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objects, it is evident that the mere fleshly organism is not the ultimate organ of sense-perception : because in that case the discriminating faculty would have to distinguish on merely coming into contact with the sensible object. Thus then it is impossible for the senses taken apart from one another, to decide that what is (say) sweet is different from what is white : on the contrary, both the qualities must be exhibited to some one faculty. It is just in fact as if I were to perceive the one and you the other; it would then be evident that our two perceptions are different from one another : but still it would be necessary to have some one referee to assert the difference: and just in the same way as such an assertion is made, do thought and perception also operate.

It is clear then that the separate senses cannot apart pass judgment on separate perceptions. Nor, further, can such a judgment be passed at different times. Just as it is one and the same principle which asserts that the good and bad are different, so further when it maintains the one to be different it also at the same time maintains the other to be so also. Nor is this identity of time simply incidental : it is not, that is, as if its assertion were merely like saying “I at present assert the difference,” without adding also that “the difference holds good at present"-rather the one principle, which thus distinguishes both, maintains at present the difference, and maintains it to hold good at present: that is to say, it makes the two statements simultaneously; so that its judgment is inseparable, and made in a single inseparable moment of time.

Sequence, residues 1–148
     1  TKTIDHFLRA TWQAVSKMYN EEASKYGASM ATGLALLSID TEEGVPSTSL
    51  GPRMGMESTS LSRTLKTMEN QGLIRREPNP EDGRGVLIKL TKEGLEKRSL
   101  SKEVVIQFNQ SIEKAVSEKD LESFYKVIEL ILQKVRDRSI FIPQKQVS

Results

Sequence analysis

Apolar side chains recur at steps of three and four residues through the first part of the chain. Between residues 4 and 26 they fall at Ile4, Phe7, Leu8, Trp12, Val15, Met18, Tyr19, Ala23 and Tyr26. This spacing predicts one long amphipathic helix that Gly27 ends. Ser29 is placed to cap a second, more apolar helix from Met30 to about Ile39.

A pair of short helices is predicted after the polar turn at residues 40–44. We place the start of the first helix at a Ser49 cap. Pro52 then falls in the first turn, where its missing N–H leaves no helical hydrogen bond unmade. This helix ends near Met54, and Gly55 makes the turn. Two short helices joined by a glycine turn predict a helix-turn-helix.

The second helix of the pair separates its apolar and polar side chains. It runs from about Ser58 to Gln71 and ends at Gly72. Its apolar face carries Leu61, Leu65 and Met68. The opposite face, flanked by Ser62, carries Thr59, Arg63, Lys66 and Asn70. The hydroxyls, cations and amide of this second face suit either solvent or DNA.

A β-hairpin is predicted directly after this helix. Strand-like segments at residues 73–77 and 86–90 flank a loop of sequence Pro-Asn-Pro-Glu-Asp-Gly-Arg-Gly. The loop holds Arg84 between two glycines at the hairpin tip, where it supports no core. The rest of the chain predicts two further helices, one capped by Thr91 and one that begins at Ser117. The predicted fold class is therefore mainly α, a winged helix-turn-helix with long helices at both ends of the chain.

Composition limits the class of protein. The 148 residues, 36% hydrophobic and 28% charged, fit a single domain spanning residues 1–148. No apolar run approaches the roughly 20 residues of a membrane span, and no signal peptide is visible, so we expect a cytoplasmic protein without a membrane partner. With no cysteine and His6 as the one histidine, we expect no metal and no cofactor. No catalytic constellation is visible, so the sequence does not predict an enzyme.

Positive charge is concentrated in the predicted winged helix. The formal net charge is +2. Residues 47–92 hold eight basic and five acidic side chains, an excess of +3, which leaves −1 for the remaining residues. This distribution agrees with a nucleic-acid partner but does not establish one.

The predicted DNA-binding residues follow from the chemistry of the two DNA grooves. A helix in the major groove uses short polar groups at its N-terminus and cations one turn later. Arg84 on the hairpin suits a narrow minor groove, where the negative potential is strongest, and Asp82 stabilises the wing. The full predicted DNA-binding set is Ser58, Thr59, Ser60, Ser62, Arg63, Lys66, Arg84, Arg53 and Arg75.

But, it may be said, the same thing, cannot as undivided and within an undivided point of time be at one and the same time moved with contrary movements. Yet if a quality be sweet it moves sense or thought in such and such a manner, while what is bitter does so in a contrary manner, and what is white must do so in a manner different from both. Must not then the discriminating faculty be simultaneously on the one hand numerically one and undivided, but on the other hand separated in the mode of its existence? The truth is, there is a sense in which this distinguishing principle perceives what is divided as divided, while in another sense it does so as one un

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II.

12.

6. διαιρετόν και αδιαίρετον UWy Ald. Sylb. Tor.

ΙΟ. ώσπερ εν καλούσι τινες στιγμήν coni. Trend.

και αδιαίρετος και διαιρετή: η κ.τ.λ. Τοr. υπάρχει, ουχ έν· δις γαρ Αld. Sylb. Tor. 13. ως δυσί, coni. Trend. Tor. κεχωρισμένω ELT, ως κεχωρισμένων Vs. 16. ορίσθω Ε.

divided faculty ; because while it is divided in its application or its mode of being, it is in regard of its seat of action and as viewed numerically one single undivided principle. Or is this really impossible? Potentially, it may be said, the same subject, and that one undivided, may present opposite qualities : but this cannot be the case with its definite existence; in its operation and working these characteristics are divided. The same thing, in fact, cannot be at once black and white: and so, if perception and thought be nothing but a passive reception of such qualities, they cannot be impressed at one and the same time with the forms which represent these contraries.

To this objection it may be replied that the matter stands just as with the point (as some describe it), which, so far as it is one, may be regarded as undivided, while so far as it is two, it is divided. So far then as the principle of judgment is undivided, so far it is one single faculty acting in one moment: so far as it shows itself divided, it uses the same point twice at two simultaneous times. So far then as our faculty of discrimination makes use of the termination of this point as two, it distinguishes two qualities, and the objects are separated as the faculty is separated; while so far as it is one single faculty, it judges by one single act and within a single point of time.